Millions of people have endured a cost-of-living crisis in the last couple of years, forcing public policymakers to abandon elementary economic principles. The minimum wage is a perfect illustration of this. Recent decisions by states on wage floor hikes emphasize the point that Republicans and Democrats might want to take another look at economic data on the topic. Or, at the very least, people should look at what is happening in New York and California, where thousands of people are set to lose their jobs and thousands more face higher prices for food purchases.
Feasting on a Minimum Wage
As of Jan. 1, 2024, California raised the minimum wage to $16 per hour, the second highest in the country behind Washington state ($16.28). However, because of Assembly Bill 1228, the fast-food minimum wage will be bolstered by nearly 30% to $20 beginning in April, applying to chains with 60 or more locations nationwide. Elected officials failed to consider what would happen if they forced these businesses, which already face incredibly tight profit margins, to dole out higher compensation rates.
Two Pizza Hut franchises are poised to lay off more than 1,200 delivery drivers in Los Angeles, Orange, and Riverside counties over the coming year. Instead, franchisees will rely on third-party delivery applications, such as DoorDash and Uber Eats.
Overall, the legislation will affect more than 550,000 fast-food workers and approximately 30,000 restaurants in California. Chipotle and McDonald’s said they will raise menu prices as a strategy to offset the costs of higher wages in the state. It is only a matter of time before other companies follow. But Assemblyman Chris Holden, a Democrat from Pasadena, insisted the legislation would help feed employees’ children, keep gasoline in workers’ cars, and improve everyone’s living standards. Tell that to the out-of-work and soon-to-be unemployed individuals!
Of course, Holden and his constituents do not need to worry about the unintended consequences of these policies because the average annual household income in Pasadena is around $129,000.
On the other side of the country, food delivery workers will earn a higher minimum wage in July. New York City became the nation’s first municipality to force a minimum wage on app-based restaurant workers, requiring delivery applications to pay users $17.96 an hour plus tips, rising to $19.96 an hour in 2025. The result? Companies are increasing service fees and adjusting platform mechanisms that could reduce service quality in these apps.
“The ill-conceived, extreme minimum pay rate for food delivery workers in New York City will have significant consequences for everyone who uses our platform,” DoorDash wrote in a blog post. Uber confirmed in December: “Because of the new rules, we will have to limit the number of couriers who can be online each hour of the day. So, unfortunately, couriers will no longer be able to go online to deliver anytime they choose.”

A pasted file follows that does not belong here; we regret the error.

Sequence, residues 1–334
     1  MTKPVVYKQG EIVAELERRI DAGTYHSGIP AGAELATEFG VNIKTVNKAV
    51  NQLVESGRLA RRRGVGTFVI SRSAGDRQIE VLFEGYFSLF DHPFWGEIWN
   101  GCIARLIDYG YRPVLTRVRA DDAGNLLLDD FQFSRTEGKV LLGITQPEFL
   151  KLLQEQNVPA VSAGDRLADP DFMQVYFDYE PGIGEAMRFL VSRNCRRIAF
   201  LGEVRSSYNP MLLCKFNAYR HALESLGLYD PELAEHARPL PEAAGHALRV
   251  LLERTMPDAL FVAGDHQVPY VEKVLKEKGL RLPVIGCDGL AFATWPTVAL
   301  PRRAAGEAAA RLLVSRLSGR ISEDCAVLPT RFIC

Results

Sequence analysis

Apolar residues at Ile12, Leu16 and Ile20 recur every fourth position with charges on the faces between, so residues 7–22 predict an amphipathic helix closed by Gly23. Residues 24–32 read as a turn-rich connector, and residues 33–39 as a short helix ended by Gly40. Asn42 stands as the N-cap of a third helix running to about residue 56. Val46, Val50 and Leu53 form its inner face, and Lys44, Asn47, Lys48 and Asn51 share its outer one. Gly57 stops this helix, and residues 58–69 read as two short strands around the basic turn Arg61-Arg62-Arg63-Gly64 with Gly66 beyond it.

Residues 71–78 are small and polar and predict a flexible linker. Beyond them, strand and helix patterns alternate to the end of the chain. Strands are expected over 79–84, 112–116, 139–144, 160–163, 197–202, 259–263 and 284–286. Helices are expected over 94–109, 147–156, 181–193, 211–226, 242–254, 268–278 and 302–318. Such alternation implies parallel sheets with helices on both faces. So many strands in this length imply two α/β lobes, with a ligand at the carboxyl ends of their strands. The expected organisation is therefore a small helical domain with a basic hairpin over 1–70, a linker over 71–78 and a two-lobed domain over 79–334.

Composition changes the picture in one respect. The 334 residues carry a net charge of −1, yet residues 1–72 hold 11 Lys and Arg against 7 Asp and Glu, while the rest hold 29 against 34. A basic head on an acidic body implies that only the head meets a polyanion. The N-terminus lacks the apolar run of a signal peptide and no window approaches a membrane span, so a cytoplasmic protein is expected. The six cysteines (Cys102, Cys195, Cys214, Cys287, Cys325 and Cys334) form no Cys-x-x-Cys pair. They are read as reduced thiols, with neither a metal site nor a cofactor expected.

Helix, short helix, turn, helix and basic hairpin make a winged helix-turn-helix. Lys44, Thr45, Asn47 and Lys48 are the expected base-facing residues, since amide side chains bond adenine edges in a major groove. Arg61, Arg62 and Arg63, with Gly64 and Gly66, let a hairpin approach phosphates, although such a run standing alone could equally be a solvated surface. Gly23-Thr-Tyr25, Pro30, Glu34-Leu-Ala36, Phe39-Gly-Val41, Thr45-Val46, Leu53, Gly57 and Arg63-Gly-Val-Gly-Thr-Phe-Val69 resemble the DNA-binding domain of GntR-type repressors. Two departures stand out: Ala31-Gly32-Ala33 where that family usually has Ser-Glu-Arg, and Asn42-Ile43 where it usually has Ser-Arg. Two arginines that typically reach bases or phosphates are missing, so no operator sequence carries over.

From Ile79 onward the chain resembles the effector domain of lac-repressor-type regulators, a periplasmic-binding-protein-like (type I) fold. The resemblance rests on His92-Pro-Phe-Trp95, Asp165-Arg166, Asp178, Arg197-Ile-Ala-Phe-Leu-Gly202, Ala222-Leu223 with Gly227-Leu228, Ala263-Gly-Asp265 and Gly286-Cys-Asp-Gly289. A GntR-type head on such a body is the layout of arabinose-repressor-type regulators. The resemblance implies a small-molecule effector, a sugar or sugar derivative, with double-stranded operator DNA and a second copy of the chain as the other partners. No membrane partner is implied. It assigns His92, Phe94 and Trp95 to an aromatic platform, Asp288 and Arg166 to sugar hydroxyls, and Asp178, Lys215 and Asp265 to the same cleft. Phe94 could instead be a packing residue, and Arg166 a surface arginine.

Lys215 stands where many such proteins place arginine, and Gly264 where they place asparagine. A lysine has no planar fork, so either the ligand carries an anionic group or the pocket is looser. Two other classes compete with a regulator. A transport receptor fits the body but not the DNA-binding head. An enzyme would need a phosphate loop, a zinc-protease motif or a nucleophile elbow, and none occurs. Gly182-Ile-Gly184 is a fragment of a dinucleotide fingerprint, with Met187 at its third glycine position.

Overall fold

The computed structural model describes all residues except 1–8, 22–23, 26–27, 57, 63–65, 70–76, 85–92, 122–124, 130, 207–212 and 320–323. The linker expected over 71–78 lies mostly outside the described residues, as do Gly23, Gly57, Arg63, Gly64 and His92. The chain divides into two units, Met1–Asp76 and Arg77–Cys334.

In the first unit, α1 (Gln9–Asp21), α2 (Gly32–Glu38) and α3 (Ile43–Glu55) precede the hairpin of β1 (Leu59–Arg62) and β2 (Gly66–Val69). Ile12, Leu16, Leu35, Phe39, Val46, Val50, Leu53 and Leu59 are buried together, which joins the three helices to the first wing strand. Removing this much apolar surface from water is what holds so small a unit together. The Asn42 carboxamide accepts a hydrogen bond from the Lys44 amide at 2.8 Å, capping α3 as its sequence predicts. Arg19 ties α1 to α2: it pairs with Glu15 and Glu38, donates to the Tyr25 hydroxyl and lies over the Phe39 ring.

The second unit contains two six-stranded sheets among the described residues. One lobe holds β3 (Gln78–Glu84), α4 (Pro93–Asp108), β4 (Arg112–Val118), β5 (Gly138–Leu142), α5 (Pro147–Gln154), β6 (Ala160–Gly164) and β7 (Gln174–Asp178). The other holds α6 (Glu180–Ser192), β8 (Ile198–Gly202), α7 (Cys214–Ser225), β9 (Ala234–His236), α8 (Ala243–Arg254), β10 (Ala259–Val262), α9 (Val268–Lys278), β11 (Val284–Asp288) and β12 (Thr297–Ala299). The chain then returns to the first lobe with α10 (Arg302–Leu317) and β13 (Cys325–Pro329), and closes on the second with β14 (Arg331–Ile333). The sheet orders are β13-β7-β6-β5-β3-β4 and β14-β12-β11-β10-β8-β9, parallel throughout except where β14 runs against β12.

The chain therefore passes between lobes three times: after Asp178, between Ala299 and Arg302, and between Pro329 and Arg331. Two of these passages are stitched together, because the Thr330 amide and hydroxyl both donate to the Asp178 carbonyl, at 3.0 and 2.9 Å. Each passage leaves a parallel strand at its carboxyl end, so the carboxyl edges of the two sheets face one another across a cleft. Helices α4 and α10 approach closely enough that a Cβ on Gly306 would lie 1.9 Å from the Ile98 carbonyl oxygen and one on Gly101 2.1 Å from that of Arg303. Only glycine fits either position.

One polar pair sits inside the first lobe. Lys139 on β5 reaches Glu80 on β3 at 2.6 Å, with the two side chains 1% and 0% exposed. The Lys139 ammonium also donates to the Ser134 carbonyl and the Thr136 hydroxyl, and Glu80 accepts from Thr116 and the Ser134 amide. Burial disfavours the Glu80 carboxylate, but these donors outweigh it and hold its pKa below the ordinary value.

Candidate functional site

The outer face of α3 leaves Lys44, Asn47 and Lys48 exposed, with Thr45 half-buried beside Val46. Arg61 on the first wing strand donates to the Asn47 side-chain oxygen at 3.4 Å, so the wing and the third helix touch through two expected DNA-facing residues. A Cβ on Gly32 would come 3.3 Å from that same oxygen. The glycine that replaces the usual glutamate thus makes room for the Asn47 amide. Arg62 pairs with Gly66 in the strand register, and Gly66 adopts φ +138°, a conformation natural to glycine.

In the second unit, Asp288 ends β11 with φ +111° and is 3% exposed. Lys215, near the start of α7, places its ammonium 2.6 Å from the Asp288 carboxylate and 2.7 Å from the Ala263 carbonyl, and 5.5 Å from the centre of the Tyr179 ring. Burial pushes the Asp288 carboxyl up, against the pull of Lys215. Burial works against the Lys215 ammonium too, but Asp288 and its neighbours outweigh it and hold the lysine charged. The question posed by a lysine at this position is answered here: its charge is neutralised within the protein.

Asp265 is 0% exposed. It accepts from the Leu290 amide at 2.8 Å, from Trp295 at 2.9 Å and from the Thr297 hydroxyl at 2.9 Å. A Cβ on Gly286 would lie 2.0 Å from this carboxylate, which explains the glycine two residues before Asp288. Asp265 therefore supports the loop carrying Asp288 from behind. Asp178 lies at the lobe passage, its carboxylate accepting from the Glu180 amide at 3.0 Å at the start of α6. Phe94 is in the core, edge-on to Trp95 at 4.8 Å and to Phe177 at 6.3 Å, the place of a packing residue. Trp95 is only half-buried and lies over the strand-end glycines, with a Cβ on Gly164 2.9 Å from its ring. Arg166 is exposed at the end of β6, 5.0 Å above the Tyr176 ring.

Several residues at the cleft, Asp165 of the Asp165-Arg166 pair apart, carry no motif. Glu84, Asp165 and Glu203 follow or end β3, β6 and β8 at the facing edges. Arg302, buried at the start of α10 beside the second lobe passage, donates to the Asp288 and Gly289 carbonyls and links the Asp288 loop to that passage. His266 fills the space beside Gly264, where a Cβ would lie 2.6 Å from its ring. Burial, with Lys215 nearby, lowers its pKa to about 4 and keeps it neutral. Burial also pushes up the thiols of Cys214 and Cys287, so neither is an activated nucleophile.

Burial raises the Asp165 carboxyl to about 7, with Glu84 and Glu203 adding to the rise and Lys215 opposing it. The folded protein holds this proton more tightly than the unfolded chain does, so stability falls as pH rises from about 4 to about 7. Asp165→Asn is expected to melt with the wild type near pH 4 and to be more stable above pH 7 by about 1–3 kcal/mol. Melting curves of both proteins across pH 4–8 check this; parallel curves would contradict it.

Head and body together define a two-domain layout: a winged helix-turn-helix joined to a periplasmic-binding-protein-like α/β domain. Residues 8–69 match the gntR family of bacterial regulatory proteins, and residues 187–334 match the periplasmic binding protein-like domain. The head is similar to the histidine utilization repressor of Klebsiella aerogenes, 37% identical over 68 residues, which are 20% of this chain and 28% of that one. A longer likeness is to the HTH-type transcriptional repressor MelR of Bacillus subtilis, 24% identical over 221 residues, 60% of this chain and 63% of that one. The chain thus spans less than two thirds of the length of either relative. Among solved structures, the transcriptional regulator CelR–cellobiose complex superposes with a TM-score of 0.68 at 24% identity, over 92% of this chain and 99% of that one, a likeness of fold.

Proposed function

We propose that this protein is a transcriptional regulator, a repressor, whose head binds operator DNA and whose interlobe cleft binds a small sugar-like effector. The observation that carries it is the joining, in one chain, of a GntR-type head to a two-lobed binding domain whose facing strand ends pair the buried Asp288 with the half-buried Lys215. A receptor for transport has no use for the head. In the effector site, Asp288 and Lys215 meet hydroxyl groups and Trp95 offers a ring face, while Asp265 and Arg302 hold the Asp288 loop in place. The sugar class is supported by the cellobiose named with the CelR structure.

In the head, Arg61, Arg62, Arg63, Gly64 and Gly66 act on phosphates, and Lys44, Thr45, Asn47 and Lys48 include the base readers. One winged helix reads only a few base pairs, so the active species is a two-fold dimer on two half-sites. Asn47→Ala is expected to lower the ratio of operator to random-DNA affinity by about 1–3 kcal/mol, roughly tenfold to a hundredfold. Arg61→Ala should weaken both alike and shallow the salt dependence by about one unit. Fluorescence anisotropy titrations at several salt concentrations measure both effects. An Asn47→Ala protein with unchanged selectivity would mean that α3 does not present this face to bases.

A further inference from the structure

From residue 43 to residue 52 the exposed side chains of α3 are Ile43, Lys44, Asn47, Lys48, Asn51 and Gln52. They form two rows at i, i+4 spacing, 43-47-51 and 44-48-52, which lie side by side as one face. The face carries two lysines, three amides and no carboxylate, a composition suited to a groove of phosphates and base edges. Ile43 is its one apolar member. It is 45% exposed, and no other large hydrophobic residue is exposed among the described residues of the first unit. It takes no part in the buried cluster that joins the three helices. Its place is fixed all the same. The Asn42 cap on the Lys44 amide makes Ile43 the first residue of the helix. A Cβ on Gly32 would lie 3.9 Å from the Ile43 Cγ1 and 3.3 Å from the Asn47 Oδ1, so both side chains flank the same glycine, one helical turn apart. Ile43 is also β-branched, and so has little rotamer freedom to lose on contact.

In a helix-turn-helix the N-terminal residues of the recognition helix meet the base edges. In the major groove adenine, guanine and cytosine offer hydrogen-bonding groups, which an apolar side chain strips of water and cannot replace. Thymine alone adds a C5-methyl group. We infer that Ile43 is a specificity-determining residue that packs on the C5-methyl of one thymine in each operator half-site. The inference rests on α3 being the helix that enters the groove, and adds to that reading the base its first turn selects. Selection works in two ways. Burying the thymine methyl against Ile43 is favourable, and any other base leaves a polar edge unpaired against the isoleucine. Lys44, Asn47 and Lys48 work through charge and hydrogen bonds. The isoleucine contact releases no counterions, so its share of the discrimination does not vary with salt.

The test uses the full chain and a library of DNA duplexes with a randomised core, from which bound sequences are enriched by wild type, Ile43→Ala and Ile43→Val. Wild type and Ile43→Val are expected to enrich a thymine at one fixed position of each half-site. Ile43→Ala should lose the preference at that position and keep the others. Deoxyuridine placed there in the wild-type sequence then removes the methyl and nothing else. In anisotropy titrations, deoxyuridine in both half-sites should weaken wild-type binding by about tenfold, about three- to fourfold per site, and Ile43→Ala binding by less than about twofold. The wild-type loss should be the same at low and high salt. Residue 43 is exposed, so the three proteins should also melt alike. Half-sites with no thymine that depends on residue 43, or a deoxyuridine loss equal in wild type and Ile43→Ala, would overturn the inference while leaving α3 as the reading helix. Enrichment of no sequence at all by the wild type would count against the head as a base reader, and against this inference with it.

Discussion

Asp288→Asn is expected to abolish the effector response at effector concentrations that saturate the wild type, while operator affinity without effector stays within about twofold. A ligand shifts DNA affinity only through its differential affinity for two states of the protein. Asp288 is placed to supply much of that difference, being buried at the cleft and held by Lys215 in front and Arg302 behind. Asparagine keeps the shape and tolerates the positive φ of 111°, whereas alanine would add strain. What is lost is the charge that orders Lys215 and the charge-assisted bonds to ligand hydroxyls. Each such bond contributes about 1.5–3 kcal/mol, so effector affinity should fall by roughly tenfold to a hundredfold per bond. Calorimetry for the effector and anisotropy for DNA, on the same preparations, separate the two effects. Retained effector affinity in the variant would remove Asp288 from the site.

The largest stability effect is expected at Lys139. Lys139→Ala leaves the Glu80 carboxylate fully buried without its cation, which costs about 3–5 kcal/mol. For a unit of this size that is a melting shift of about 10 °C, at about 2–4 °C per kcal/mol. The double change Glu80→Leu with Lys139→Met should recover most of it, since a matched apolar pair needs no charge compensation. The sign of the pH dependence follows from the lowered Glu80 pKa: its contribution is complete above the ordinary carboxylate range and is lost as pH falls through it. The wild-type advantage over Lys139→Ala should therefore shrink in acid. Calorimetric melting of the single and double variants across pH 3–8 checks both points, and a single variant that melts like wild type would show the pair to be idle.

Understanding the Effects
Yes, the cost of living is spiraling out of control. Cumulative inflation is around 18%, the annual consumer price index is above 3%, and real (inflation-adjusted) wage growth is down 3% since 2021. Prices for electricity, food, and shelter have risen exponentially in the last couple of years. It is understandable why many are ebullient over these wage hikes. But the very people who are raising the minimum wage advocated for and contributed to the inflationary policies of the last few years. Politicians ignited the fire and are pouring kerosene.
Basic economic assumptions are being tossed out the window in today’s inflationary climate. Akin to what legendary economist Milton Friedman wrote, the discussion can be boiled down to this: Politicians, bureaucrats, and labor activists believe it is better to be unemployed at $20 an hour than to be employed at $15.
Meanwhile, the higher prices emanating from a bigger minimum wage will mainly harm low-income households. Keynesian economist Paul Krugman disagreed with this assumption, stating on X in December 2021, “‘Inflation especially hurts the poor’ has truthiness — it sounds like it should be true. But I don’t see either evidence or a mechanism.” Contrary to what left-leaning economists and White House officials purported in 2021 and 2022, price inflation mostly impacts the impecunious, not the affluent. Even staff economists at the Federal Reserve Bank of Dallas conceded this fact, opining in a Jan. 2023 paper: “High inflation disproportionately hurts low-income households.”
In the end, the latest string of big government efforts can be summarized by offsetting a swelling cost of living with higher consumer prices. As the young whippersnappers like to say, make it make sense!
Please Stop Helping
Former President Ronald Reagan famously quipped, “The nine most terrifying words in the English language are: I’m from the Government, and I’m here to help.” While Education Secretary Miguel Cardona butchered one of the most famous quotes of modern US history, the sentiment from President Reagan rings true. In the last few years alone, the world watched presidents, prime ministers, public health officials, and even the Pope try to help people. Optimists will aver they had benevolent intentions, while skeptics contend that they paved the road to serfdom. Whatever the case, the assistance proffered to the people, be it stimulus checks or lockdowns, did more harm than good. Minimum wage laws are other failed exhibits in the anatomy of the state.